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KonradZuse
 4 years ago
Given the linear system Ax = b with
(a) Find all least squares solutions of the linear system Ax = b.
(b) What is the normal system for this least squares problem?
(c) Compute the least squares error to three decimal places.
KonradZuse
 4 years ago
Given the linear system Ax = b with (a) Find all least squares solutions of the linear system Ax = b. (b) What is the normal system for this least squares problem? (c) Compute the least squares error to three decimal places.

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KonradZuse
 4 years ago
Best ResponseYou've already chosen the best response.0\[A =\left[\begin{matrix}1 & 3 \\ 3 & 9\\ 2 & 6\end{matrix}\right]\] \[B = \left(\begin{matrix}1 \\ 1\\ 0\end{matrix}\right)\]

KonradZuse
 4 years ago
Best ResponseYou've already chosen the best response.0@UnkleRhaukus @Zarkon

KonradZuse
 4 years ago
Best ResponseYou've already chosen the best response.0Since my work was deleted I will explain that I got up to the end where I need to solve, I am confused exactly how to solve the matrix [x1x2] col matrix = [4...12] which was my col matrix answer... Flipping out trying to get this done by midnight.... :(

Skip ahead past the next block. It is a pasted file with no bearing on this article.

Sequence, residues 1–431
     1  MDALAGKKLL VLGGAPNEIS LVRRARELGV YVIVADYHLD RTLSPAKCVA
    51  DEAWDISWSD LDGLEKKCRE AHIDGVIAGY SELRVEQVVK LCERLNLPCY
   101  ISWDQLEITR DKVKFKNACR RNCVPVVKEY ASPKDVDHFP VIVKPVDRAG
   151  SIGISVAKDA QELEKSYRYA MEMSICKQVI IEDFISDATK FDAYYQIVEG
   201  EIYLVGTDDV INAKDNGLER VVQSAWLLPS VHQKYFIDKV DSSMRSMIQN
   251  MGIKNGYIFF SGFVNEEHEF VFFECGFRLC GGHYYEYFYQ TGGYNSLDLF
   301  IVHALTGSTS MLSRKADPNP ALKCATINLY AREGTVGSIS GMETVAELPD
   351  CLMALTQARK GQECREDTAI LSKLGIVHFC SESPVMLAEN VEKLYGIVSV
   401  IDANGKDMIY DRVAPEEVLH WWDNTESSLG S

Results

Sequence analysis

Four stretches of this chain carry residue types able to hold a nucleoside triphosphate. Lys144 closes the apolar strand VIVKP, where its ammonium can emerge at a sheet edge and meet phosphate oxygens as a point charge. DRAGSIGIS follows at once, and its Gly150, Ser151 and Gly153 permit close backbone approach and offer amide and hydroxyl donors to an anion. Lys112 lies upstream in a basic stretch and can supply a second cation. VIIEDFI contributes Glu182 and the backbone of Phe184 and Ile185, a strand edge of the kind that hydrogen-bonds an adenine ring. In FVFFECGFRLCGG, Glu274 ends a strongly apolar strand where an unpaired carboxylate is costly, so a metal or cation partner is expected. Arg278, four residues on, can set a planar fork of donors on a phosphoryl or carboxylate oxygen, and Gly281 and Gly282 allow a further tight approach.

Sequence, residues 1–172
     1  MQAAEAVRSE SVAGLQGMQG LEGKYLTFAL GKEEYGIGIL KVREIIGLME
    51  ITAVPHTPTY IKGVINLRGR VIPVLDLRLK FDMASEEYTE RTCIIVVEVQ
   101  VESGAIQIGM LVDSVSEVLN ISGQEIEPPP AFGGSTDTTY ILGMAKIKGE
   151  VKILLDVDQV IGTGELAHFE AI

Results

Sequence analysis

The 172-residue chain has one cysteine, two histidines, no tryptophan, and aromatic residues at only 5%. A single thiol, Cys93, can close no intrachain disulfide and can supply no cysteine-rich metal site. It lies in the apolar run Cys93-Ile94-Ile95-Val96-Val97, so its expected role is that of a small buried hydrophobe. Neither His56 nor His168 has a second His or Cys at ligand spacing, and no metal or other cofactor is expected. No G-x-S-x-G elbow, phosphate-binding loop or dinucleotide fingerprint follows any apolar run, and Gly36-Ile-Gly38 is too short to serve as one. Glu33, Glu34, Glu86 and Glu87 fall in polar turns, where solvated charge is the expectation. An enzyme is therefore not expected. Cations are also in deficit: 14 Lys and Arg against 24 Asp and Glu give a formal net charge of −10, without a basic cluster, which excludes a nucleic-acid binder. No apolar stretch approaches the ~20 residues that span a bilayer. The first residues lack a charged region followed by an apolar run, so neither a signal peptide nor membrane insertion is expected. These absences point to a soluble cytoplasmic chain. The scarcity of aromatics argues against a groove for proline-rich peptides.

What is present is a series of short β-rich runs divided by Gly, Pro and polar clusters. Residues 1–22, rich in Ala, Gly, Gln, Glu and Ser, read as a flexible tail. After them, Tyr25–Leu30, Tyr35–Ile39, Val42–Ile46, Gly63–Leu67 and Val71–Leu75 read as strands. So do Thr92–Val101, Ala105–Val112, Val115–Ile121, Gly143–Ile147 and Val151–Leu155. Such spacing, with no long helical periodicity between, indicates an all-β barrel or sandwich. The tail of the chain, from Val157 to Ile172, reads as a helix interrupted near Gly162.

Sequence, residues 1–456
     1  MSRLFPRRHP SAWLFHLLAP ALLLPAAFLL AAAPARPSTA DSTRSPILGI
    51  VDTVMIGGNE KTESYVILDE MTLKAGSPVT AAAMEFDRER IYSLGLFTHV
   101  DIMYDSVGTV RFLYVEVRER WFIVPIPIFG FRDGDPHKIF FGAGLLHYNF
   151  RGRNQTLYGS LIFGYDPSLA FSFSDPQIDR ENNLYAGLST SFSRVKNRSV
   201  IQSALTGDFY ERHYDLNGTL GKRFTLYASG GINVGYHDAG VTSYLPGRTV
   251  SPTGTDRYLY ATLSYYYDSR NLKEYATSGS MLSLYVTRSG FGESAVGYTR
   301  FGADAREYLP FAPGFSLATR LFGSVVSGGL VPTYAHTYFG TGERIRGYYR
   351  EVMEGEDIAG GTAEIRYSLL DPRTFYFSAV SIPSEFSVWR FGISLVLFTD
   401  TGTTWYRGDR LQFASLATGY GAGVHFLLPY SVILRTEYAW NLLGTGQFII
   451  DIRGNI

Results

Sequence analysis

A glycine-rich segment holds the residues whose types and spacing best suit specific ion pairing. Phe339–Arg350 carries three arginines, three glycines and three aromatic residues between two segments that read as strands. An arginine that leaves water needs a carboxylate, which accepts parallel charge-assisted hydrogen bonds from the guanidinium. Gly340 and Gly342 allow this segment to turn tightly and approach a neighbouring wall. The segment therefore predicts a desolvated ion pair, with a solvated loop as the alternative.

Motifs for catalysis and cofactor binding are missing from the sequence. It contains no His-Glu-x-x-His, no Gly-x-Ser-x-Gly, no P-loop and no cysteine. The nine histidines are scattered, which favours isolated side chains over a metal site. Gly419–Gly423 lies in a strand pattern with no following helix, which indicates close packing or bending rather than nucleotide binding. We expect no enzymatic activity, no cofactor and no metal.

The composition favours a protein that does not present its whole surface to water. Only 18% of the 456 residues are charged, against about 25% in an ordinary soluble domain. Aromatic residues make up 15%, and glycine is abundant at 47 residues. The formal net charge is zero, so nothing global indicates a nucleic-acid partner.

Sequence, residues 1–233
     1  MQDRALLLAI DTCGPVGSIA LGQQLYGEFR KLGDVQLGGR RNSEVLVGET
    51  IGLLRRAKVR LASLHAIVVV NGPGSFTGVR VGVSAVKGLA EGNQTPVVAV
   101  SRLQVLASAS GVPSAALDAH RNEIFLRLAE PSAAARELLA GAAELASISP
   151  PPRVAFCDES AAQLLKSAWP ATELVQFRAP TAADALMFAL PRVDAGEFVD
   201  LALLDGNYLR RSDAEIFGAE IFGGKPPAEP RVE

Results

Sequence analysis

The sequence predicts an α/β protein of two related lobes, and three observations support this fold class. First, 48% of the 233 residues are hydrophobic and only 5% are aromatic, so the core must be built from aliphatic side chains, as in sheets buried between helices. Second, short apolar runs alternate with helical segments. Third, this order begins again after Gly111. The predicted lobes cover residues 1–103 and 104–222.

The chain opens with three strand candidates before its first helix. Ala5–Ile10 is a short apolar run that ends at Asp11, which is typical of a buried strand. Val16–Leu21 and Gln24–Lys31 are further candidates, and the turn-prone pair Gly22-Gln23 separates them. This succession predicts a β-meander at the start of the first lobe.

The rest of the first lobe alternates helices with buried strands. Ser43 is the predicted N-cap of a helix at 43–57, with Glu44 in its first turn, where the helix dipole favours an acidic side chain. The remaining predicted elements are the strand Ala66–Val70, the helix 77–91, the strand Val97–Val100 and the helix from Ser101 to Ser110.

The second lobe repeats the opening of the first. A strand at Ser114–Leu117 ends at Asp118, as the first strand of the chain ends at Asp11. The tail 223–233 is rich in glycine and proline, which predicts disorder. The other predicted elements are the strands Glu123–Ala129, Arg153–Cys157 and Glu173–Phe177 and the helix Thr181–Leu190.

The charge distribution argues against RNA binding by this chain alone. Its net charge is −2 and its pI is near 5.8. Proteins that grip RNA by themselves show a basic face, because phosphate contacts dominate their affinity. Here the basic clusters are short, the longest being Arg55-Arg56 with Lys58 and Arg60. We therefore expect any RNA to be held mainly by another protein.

KonradZuse
 4 years ago
Best ResponseYou've already chosen the best response.0There was also a trick someone taught me that if I take the A * A^1 I can use that to find my answer; however i got 0 for my determinant so........ Idk how that works, everything = 0? I don't think so...... Maybe?

KonradZuse
 4 years ago
Best ResponseYou've already chosen the best response.0nope, it's correct.....

KonradZuse
 4 years ago
Best ResponseYou've already chosen the best response.0Tk have you come to save me? :P

tkhunny
 4 years ago
Best ResponseYou've already chosen the best response.0Ax = b Introduce the Transpose \(A^{T}Ax = A^{T}b\) Hope that \(A^{T}A\) is nonsingular and calculate it's inverse: \(\left(A^{T}A\right)^{1}\left(A^{T}A\right)x = \left(A^{T}A\right)^{1}A^{T}b\) \(Ix = \left(A^{T}A\right)^{1}A^{T}b\)

KonradZuse
 4 years ago
Best ResponseYou've already chosen the best response.0Oh were you the one who showed me that trick with the 1? When taking the determinant I get 0... What happens then? Is it all 0? lol

tkhunny
 4 years ago
Best ResponseYou've already chosen the best response.0Determinant? It's an inverse.

tkhunny
 4 years ago
Best ResponseYou've already chosen the best response.0Unfortunately, your \(\left(A^{T}A\right)^{1}\) is singular. We should have seen this from the original data. Column 2 is rather obviuosly twice Column 1. Where does that leave us?

KonradZuse
 4 years ago
Best ResponseYou've already chosen the best response.0I thought taking the inverse is the same as taking the determinant?

KonradZuse
 4 years ago
Best ResponseYou've already chosen the best response.0I guess I konfused myself again :p.

KonradZuse
 4 years ago
Best ResponseYou've already chosen the best response.01/adbc [d b c a]?

tkhunny
 4 years ago